Guest Blogs, Recruiting Metrics

The Pros and Cons of Using a Recruiter

For the HR team, recruiting and hiring can take up a significant amount of time, and it’s easy to wonder, would the company be better off hiring a recruiter to handle the most arduous aspects of finding new hires? Let’s take a look at some of the pros and cons of taking this route.

Potential Benefits of Using a Recruiter

For an employer, there are quite a few benefits to using a recruiter to assist in the hiring process:

  • It frees up time for HR and hiring managers:
    • The recruiter can help write up the job description and do all the leg work involved in getting the initial applicant pool.
    • They can filter out all of the unqualified candidates that apply for a position, saving you a lot of time—the employer can end up with a list of prescreened candidates with minimal work.
    • Since matching applicants with employers is a recruiter’s entire job, they’re able to devote the time and get applicants in place quickly, meaning you’ll be able to fill the position faster.
    • They can handle reference checks for you.
    • Some agencies will handle negotiations for you as well.
  • Recruiters are typically well-versed in their respective industry and can identify and connect with a larger group of candidates. This may mean you can get a better match for the position because of the wider applicant pool at the recruiter’s disposal. In fact, recruiters often have an extensive existing network of applicants already looking for a job.
  • A recruiter may also have the connections to be able to find passive candidates (those who were not even looking for a job) who are a perfect match for the position but would not have otherwise known about it. This means it’s possible to get an even better candidate for the role than the organization would have found on their own.
  • For lower-level positions, some recruiting agencies even offer the option to take on the task of hiring the employee as one of their own, and the employer pays the salary to the agency. Essentially, they act as a middleman for the employee’s probationary period, which can alleviate a lot of paperwork for you and reduce the risk of the new hire not working out. The risk is reduced because you will bear fewer costs and administrative burden if the employee leaves. This can also save money in the short term, as the new hires will not yet be eligible for benefits.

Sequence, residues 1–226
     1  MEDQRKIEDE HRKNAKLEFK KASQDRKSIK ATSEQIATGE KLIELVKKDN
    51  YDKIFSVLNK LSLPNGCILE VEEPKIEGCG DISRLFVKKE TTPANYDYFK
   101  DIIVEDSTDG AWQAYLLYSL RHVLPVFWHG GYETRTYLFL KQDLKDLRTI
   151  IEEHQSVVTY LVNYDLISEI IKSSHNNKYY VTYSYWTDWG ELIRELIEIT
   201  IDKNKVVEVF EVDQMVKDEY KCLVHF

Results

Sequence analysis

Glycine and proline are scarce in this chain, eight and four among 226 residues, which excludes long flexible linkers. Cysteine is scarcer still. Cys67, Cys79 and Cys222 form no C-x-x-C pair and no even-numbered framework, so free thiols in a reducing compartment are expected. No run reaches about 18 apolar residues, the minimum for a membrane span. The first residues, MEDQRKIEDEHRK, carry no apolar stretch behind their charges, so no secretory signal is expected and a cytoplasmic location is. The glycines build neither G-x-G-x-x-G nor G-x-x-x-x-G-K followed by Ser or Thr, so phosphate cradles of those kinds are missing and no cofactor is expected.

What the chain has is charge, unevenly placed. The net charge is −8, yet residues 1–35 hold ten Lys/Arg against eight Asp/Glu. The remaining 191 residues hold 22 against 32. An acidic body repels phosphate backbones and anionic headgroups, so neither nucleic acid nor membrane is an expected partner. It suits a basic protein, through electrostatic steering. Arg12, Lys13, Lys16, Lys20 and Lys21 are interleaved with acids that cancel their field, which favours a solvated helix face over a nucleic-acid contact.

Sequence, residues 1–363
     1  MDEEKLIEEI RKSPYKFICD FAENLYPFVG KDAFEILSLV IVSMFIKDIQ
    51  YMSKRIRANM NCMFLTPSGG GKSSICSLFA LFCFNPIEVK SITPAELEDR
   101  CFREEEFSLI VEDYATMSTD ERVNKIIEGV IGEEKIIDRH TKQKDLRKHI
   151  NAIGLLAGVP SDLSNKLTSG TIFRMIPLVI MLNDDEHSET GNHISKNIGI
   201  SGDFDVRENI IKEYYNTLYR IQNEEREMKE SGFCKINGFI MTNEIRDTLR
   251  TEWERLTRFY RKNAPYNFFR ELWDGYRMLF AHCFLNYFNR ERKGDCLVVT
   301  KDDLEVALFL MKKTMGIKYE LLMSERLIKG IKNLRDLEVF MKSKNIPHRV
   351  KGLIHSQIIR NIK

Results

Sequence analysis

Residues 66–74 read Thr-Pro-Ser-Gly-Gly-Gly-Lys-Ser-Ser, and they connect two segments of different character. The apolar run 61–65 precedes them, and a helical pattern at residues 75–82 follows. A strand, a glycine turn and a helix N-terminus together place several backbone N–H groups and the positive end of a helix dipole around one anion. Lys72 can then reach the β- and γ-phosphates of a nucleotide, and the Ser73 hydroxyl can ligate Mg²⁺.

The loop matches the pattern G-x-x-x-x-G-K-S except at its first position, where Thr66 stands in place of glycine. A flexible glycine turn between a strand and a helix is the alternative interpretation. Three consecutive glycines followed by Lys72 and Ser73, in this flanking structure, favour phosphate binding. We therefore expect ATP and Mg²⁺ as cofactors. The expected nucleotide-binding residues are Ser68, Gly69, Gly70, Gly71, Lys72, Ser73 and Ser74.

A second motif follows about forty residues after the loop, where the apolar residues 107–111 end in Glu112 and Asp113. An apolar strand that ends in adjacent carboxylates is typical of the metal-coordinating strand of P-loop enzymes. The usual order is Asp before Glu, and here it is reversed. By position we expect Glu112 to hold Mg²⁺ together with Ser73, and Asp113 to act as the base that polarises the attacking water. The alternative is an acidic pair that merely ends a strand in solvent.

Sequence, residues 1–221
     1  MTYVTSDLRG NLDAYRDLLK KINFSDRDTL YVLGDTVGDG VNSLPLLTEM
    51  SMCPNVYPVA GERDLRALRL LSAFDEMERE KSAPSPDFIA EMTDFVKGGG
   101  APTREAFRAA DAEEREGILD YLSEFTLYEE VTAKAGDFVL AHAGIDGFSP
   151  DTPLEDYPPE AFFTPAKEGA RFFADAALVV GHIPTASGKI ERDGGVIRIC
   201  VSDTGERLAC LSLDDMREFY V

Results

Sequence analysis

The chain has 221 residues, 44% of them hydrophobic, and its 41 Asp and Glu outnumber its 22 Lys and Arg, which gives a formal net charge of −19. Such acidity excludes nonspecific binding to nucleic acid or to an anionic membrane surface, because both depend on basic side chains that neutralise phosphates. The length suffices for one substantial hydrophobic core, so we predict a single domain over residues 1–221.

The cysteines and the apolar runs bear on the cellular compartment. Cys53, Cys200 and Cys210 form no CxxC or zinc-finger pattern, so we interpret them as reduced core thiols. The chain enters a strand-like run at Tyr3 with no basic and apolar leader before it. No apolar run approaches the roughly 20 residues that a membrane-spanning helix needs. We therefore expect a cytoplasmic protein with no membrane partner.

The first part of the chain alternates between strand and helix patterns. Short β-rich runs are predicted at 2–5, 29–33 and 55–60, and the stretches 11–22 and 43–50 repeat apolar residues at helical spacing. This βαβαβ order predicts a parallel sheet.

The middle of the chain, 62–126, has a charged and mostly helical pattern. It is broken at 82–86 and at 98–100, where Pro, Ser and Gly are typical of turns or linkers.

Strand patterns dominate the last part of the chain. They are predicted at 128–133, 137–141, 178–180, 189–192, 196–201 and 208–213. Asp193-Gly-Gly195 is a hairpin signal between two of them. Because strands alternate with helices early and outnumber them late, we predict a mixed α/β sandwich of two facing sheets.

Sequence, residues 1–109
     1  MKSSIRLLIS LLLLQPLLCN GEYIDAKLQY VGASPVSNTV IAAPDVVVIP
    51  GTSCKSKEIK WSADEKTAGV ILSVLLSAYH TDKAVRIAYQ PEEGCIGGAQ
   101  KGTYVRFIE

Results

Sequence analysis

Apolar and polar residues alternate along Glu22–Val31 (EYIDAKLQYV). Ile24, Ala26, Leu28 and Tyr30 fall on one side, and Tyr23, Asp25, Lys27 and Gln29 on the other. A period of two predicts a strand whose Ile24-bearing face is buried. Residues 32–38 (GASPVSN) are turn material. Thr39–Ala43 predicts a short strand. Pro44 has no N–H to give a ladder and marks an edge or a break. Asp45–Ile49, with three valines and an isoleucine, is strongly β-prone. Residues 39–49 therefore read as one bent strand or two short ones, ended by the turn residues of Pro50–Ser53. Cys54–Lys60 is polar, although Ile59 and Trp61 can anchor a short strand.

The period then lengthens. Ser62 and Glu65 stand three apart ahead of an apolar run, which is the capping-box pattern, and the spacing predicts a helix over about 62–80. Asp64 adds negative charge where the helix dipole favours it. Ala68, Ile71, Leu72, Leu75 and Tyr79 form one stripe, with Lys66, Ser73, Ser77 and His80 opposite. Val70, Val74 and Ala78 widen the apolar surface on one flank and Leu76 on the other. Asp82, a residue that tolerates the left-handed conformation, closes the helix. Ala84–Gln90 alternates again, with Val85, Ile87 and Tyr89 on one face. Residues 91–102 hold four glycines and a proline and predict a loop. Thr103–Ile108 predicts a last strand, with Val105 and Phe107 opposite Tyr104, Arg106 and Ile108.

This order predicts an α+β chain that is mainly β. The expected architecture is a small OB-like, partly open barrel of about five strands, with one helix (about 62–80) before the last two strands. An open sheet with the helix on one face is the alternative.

Potential Pitfalls of Using a Recruiter

While the list of potential benefits is long, unfortunately so is the list of potential pitfalls. Here are a few to be wary of:

  • It’s difficult for an external agency to know your business as well as you do. This means that a recruiter may be more likely to overlook an otherwise qualified candidate who doesn’t satisfy every box on a checklist. In other words, a great candidate may be passed over if the recruiter doesn’t know when to be flexible in the candidate qualifications.
  • Depending on how the recruiter is utilized, the time savings for the employer may only come from the first stages of the process. In other words, the employer needs to recognize that the process of brining someone new aboard will still take time—and that must be accounted for.
  • There is an extra expense involved with recruiters—typically a portion of the new hire’s initial salary. Obviously, this expense may be quite high in some cases. The employer must decide whether this additional expense is worth the benefits noted above. Remember, however, that this cost is offset by the saved time and money from outsourcing tasks performed by the recruiter.
  • There is a time commitment involved in finding the best recruiting agency to contract with. You must be able to trust the agency and the results they will bring, and you’ll need to screen them in advance.
  • It’s possible that a recruiter could misrepresent your organization, causing miscommunications during the hiring process. (This risk can be minimized, of course.)
  • Depending on the situation, a recruiter may place a candidate for interviews with several companies concurrently. This can increase the likelihood that your chosen candidate will have competing offers.

What has been your experience? Have you tried external recruiting agencies?

This article does not constitute legal advice. Always consult legal counsel with specific questions.

 


About Bridget Miller:

Bridget Miller is a business consultant with a specialized MBA in International Economics and Management, which provides a unique perspective on business challenges. She’s been working in the corporate world for over 15 years, with experience across multiple diverse departments including HR, sales, marketing, IT, commercial development, and training.

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